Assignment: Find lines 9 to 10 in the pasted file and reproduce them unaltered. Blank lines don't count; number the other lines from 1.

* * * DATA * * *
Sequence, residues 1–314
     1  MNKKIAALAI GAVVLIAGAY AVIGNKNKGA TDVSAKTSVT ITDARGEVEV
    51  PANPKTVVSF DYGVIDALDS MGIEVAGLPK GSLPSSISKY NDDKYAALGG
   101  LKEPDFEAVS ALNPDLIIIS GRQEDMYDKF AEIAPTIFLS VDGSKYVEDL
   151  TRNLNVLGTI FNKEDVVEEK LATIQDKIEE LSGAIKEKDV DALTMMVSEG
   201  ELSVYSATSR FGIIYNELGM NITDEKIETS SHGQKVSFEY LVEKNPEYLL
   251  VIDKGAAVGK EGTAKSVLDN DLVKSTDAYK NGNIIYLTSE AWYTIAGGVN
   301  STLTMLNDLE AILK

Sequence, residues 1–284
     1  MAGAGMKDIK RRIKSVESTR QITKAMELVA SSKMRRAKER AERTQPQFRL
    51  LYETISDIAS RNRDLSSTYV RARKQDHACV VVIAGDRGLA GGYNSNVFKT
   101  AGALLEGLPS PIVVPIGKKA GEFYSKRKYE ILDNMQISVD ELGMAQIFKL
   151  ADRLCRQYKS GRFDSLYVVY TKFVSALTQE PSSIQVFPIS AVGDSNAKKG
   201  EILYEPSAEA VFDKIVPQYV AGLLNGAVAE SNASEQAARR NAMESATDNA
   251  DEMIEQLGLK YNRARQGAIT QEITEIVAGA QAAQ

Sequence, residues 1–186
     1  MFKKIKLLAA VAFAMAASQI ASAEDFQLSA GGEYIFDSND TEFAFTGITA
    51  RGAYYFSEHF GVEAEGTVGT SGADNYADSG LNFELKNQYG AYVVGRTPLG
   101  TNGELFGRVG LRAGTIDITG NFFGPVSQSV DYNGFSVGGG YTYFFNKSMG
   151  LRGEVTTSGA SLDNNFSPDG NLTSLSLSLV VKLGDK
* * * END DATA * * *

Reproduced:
Sequence, residues 1–284
     1  MAGAGMKDIK RRIKSVESTR QITKAMELVA SSKMRRAKER AERTQPQFRL